Environmental conditions play a role in the colors that leaves change to during autumn. Even as the leaves are dying, they are helping the trees prepare for winter. (John McDonnell/The Washington Post)

It wouldn’t feel like fall without the sight, smell and oh-so-familiar crunch of fallen leaves. But why do some trees change their colors — and then give up their leaves — as autumn sets in?

First, a bit about why leaves are usually green. Humans have to eat food to get the nutrients that keep us alive, but plants use the sun to power photosynthesis (pronounced fo-toe-SYN-thuh-sis), which turns water and the carbon dioxide in air into delicious, nutritious sugar. The secret to this sweet process is chlorophyll (CLORE-o-fill), which absorbs sunlight and happens to be green.

As winter approaches, the sun stays up for less time every day. That makes it hard for chlorophyll to keep trees sugared up, leaving them dependent on extra food from the summer. Trees stop producing new chlorophyll, because doing so would be a waste of energy, and soon there’s none left.

That explains where the green goes. But where do all those oranges and reds and yellows come in?

Chlorophyll usually steals the spotlight, but leaves also contain other pigments (that’s a substance that provides color), including the ones that make carrots orange and turn egg yolks yellow. Without chlorophyll’s green, these pigments finally make themselves known.

Sometimes, trees also produce the same red pigments that give raspberries their color. Leaves make those red pigments only in the fall, and scientists aren’t sure why it happens. But it must be for a good reason, because it takes a lot of sugar — which the tree needs to save up as much as possible. One guess is that these deep reds help protect dying leaves from sun damage, allowing them to collect energy just a little longer. They may also serve as a warning to animals that might otherwise eat or lay eggs on the leaves.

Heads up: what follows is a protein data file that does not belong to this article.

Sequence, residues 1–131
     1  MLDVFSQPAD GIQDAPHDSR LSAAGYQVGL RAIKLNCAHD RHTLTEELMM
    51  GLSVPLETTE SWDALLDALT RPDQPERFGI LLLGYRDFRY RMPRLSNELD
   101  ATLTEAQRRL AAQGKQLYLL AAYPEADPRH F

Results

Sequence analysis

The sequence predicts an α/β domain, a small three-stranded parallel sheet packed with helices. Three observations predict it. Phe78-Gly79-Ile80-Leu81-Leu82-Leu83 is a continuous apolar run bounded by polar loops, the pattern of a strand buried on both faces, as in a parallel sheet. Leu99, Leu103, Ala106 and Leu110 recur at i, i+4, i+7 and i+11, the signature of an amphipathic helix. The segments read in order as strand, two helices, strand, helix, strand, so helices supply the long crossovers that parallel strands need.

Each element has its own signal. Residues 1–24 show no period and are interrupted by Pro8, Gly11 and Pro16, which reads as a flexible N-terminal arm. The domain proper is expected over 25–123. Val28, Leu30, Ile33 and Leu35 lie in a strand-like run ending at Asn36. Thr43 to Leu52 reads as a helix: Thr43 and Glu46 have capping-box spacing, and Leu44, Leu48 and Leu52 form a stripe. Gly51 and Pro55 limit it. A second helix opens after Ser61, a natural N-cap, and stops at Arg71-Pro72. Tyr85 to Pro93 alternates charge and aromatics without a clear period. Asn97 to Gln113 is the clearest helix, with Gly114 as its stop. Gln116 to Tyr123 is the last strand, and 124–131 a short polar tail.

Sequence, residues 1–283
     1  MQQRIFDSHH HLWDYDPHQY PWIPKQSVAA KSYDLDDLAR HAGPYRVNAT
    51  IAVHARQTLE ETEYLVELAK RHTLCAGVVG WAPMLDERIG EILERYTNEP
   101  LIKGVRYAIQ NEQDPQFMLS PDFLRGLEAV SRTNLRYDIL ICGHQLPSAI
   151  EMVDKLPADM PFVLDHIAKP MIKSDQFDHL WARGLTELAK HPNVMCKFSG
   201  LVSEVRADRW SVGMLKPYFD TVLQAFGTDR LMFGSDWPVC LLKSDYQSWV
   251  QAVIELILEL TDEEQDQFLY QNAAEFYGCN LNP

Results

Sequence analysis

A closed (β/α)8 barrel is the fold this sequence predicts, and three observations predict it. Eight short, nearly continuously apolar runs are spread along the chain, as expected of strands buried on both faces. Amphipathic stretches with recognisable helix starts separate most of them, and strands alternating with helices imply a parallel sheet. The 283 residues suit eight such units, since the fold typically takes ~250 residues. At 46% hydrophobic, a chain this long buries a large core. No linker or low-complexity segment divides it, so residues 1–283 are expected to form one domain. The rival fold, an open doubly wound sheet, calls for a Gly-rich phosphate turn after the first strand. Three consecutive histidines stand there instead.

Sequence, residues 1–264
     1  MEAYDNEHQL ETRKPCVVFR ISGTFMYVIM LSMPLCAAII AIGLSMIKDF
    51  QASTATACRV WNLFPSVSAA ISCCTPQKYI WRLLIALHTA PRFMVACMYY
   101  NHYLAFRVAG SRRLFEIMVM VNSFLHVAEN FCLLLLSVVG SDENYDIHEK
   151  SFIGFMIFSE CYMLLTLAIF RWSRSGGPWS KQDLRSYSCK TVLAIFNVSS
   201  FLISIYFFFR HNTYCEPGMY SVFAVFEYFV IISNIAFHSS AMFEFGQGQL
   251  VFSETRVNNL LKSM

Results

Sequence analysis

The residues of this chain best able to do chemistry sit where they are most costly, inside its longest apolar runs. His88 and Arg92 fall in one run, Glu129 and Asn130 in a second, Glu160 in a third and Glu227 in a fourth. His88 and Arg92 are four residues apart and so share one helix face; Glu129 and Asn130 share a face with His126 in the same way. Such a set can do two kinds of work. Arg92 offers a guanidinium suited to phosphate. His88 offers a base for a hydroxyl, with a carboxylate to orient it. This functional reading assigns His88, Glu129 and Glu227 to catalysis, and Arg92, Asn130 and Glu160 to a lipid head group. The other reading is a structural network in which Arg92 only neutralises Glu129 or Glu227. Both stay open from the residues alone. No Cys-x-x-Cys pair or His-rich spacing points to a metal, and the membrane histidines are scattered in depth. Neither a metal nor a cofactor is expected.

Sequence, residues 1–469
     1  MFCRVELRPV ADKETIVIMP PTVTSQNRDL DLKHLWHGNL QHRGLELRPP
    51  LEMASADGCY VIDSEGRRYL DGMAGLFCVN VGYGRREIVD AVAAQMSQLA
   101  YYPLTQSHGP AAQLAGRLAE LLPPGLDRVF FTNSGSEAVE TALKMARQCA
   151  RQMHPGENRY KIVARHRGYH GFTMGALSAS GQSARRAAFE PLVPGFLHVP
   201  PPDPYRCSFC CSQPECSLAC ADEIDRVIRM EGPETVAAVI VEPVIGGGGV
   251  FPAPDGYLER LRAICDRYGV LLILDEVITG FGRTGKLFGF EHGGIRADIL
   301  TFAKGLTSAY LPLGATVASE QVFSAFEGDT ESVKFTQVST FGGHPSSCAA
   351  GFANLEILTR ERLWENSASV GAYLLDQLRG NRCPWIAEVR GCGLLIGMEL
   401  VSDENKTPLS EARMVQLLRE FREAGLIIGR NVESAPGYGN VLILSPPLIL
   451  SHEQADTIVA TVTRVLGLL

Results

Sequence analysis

The exact coloring of fall foliage is the result of a mix of these red, orange and yellow pigments. So environmental conditions that change how much there is of each — such as sun exposure, soil moisture and temperature — can make a big difference. Colors vary by species, too.

Eventually, sunlight and frost kill off all pigments but tannin, which is brown. The very cells of the leaf will break down as well, making them fragile and dry. Meanwhile, the tree creates corklike cells to seal itself off from its leaves, even creating a sort of scab where each one connects to the branches. Eventually wind or some other disturbance will break the dying leaf away, leaving the tree with a tiny scar.

That’s how we get those brilliant bursts of color — and wonderful leaf piles to hop around in. In the spring, trees get to make new leaves and start the whole process again.

Clarification: An earlier version of this story stated that photosynthesis turns water and air into sugar. Only the carbon dioxide in the air is used in photosynthesis. The story has been updated.

Feltman is the science editor for Popular Science Magazine.